Margie, Mary, Bernard and I were inseparable. First thing in the morning, we'd be busy. We always had a play "on the go." Our play involved getting rocks, an easy thing since we're talking about Newfoundland, not PEI, and building a rock wall of a particular shape, such as a circle, with a space to allow entry. This area was the play. Here we played school, house or store. Everyone had a role, and we delighted in finding props to bring to the play. We spent endless hours playing, often near my grandparents' house or near the homes of the other children. As we got older, the play became more elaborate, with rooms, higher walls and a roof out of blankets.
When not at the play, we were playing games with the other kids, red rover, hide and seek, statues, marbles, tag, and skipping, hopscotch or jacks for the girls were some of what was popular. Swimming in the river or at the beach were favourite pass times as well. Plays were for the morning, swimming in the afternoon and the games were in the early evening in front of the old school.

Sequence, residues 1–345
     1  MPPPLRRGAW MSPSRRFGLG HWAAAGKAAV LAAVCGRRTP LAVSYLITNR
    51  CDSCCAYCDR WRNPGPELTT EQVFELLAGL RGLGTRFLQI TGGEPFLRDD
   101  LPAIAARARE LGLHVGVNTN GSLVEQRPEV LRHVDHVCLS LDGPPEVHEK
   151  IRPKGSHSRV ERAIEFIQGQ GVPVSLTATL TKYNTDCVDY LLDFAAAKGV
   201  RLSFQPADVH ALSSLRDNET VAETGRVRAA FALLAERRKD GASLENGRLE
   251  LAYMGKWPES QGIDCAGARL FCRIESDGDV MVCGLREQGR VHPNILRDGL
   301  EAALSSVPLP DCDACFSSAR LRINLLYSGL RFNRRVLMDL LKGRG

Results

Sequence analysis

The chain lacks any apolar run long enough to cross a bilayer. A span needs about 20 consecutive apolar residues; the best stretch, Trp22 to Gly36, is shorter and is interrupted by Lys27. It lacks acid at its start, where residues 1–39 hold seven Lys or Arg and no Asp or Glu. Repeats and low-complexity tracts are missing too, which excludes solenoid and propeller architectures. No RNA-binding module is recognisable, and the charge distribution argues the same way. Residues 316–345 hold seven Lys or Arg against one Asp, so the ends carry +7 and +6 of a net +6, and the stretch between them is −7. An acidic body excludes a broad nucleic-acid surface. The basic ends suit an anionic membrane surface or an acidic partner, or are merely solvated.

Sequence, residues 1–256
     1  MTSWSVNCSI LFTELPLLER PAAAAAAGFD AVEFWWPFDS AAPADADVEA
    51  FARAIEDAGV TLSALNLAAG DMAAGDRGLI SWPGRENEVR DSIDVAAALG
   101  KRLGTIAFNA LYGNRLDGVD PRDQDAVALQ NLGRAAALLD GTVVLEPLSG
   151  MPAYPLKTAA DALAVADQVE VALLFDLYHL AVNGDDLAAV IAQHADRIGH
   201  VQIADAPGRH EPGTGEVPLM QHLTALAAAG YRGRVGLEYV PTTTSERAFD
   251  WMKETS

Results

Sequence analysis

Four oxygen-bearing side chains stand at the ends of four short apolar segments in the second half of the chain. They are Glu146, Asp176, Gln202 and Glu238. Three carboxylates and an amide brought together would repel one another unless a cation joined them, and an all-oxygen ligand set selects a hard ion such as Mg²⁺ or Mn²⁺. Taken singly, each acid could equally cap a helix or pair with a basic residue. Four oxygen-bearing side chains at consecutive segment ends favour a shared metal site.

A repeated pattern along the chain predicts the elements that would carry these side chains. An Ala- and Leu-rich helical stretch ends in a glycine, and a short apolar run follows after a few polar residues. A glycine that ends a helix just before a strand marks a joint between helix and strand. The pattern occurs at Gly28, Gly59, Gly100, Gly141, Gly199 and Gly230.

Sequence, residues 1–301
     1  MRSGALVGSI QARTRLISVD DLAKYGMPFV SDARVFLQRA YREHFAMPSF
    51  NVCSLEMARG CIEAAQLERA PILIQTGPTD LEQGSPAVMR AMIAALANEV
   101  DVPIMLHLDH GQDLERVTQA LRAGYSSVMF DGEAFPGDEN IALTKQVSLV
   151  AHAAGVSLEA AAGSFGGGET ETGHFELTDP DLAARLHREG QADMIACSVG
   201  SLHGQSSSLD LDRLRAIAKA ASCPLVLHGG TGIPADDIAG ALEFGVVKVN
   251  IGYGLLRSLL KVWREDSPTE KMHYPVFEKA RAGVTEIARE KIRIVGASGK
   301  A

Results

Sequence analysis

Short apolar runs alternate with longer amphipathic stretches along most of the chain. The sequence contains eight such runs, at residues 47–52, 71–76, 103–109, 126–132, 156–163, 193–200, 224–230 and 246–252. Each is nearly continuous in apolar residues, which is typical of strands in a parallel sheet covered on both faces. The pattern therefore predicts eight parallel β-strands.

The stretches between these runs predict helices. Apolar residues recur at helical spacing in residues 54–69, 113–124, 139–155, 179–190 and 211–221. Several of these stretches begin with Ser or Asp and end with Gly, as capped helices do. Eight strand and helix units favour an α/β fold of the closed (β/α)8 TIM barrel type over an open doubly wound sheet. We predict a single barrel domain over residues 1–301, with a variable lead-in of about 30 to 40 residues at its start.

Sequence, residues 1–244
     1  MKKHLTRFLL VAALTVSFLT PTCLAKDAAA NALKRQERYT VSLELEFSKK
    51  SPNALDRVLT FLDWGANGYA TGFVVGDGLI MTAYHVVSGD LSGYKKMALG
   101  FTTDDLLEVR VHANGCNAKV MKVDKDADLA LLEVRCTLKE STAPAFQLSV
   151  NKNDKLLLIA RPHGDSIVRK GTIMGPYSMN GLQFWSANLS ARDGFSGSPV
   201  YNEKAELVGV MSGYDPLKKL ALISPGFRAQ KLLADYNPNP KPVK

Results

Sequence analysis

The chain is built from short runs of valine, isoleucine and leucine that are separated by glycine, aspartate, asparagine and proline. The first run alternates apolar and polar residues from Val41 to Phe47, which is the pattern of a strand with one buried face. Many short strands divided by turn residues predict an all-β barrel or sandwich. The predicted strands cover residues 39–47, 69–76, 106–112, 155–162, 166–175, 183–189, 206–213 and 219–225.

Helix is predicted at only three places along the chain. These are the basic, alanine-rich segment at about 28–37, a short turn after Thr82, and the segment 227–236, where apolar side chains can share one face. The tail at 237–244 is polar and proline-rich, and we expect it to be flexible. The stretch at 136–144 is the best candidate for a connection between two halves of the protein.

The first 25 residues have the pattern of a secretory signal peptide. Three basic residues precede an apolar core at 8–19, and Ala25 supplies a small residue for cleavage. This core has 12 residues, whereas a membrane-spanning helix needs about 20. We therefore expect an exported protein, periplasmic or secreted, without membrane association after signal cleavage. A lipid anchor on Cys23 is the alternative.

Margie was a great student in our play school, loved shopping or working at our play store and was an important part of our play family. As time went on, Mary, Bernard and I left the play and our props, including baby dolls. Margie didn't. What I didn't understand then was that Margie had Down's Syndrome. We thought she was just like us and that's how she was treated. It wasn't until I left the dolls and she didn't that I really understood the impact the condition would have on her life. That conversation with Mom was bewildering and sad to me. How could this be?
I later learned about the extra chromosome and all the resultant biological implications. However, this depersonalized information didn't describe the person I knew; the fun, happy, loving person who was my friend.